Betty DeRamus is an author, a short story writer, a world-traveler and pianist. She lives in Detroit, her hometown.
She is the author of "Forbidden Fruit: Love Stories from the Underground Railroad" and "Freedom by Any Means: Con Games, Voodoo Schemes, True Love and Lawsuits on the Underground Railroad."
A passion for the troubles and triumphs of ordinary people led journalist Betty DeRamus to write two nonfiction books, Forbidden Fruit: Love Stories from the Underground Railroad and Freedom by Any Means: True Stories of Cunning and Courage on the Underground Railroad.
Forbidden Fruit is a collection of love stories about slavery-era couples, some enslaved, some free, most black but a few interracial, who fought mobs, wolves, bloodhounds, bounty hunters, bullets and social taboos to preserve their relationships.
Characters in these largely untold tales include a free black man who became a slave to remain with his wife and a young slave girl who is delivered to her fiance inside a wooden chest.
Freedom by Any Means bring to life little-known heroes and heroines of the slavery and post-slavery era who did everything from build their own towns to successfully sue for their freedom in court. Slavery-era black capitalists are among the many clever characters in Freedom and, according to the author, these true stories contain lessons for Americans dealing right now with record unemployment, foreclosures and other economic ills.
“In nearly every case, these 19th century black success stories—many of them freed or runaway slaves—followed the same pattern,” says DeRamus. “They took what little they had and turned it into something valuable.
“They became successful by cooking oysters, growing a different kind of cantaloupe, doing magic tricks and even making cheese. One man turned a shopping cart into a department store on wheels. These people recognized the value of whatever skills they happened to have, no matter how humble.“
In one memorable story, a former slave named Clara Brown persuaded a group of Colorado-bound gold seekers to hire her as a cook and laundress. The 59-year-old woman then traveled with a caravan of covered wagons to Denver. In gold-rich Central City, Colorado, she boiled and scrubbed shirts and nursed the sick. By 1866, she had earned $10,000, including her investments in mining claims. She eventually found 34 relatives and brought them West.
Mary Ellen Pleasant was a black 19th century boarding house owner who pretended she was the servant of her white business partner, a vice president of Bank of America. Meanwhile, she led several lives, hiding runaway slaves, challenging discrimination on San Francisco’s streetcars and using the knowledge gained from mingling with the wealthy to make the investments that earned her millions.
Nelson Gant, was a freed Virginian who managed to escape punishment for trying to steal his enslaved wife. After moving to Zanesville, Ohio, he bought and sold land, became famous for his specialty fruits and vegetables and owned a coal mine. When he died, the Zanesville Daily News called him “probably the wealthiest colored citizen in Ohio,” DeRamus said.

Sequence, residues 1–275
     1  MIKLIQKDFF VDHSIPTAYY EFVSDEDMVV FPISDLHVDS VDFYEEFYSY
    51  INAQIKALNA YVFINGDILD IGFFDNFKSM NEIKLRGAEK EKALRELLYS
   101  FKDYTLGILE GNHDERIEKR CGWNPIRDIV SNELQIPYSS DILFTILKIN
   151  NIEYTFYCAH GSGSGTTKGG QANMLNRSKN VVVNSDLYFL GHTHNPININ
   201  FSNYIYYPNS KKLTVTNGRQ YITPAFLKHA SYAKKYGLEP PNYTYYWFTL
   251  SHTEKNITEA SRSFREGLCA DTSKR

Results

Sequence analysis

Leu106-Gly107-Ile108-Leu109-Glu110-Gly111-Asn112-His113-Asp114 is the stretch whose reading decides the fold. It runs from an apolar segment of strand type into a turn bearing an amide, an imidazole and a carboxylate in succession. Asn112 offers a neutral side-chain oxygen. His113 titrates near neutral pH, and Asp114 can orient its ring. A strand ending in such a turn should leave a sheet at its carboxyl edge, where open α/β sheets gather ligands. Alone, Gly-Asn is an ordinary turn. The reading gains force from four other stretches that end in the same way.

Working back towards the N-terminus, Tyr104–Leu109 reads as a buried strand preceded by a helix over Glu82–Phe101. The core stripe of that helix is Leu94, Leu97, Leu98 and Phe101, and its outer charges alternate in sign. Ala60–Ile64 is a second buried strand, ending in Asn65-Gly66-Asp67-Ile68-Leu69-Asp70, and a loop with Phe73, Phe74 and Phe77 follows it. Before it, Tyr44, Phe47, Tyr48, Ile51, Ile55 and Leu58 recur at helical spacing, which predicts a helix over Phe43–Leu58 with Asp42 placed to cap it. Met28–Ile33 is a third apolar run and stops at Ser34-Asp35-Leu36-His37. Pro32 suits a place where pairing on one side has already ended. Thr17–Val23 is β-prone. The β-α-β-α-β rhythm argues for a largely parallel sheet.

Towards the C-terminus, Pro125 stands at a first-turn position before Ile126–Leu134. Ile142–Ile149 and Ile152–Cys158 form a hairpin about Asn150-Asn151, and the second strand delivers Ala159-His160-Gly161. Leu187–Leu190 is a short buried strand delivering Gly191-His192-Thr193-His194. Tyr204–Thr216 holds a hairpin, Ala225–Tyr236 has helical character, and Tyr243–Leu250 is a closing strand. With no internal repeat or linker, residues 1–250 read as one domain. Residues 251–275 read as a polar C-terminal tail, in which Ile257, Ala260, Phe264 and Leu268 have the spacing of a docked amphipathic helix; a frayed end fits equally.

An enslaved North Carolina woman named Sally Williams eventually lost the small fortune she accumulated from selling home-brewed beer, coffee and gingerbread. But in her heyday, the hired-out slave earned enough to pay a girl to help her around the house.
Other slaves and freedmen that DeRamus depicts were equally savvy. Charles Shearer, a former slave rescued by Union troops, used his hunting and fishing skills to feed his rescuers and later used those same talents to run a popular summer inn. Richard Potter earned a fortune by performing magic tricks, becoming the first black and the first American-born magician.
And once he reached Michigan, Mississippi-born James H. Cole used his history of working with horses to begin building a fortune : he stabled the horses of local Union regiments. When he died in 1901, Cole’s wealth was estimated at $200,000, which would make him a multi-millionaire in today’s dollars.
Freedom by Any Means doesn’t only document the material success of some former slaves, DeRamus stresses. It also salutes people who successfully sued for their freedom in court or who liberated themselves through complicated con games and bluffs.
“They were black people who did what seemed impossible in their time,” she says. “They literally showed us the way.”
DeRamus has been an eyewitness to much contemporary history. She wrote about the old Soviet Union before it collapsed, spent time in West Berlin before its wall fell and toured Central African refugee camps with representatives of the United Nations High Commissioner for Refugees 10 years before the Rwandan massacres.
For her coverage of Nelson Mandela's release from prison, she received an award for international reporting from the National Association of Black Journalists.
A former columnist for several publications including the Detroit News, The Detroit Free Press, the Associated Press and the British Broadcasting Corporation, Betty DeRamus was a 1993 finalist for a Pulitzer Prize in commentary.
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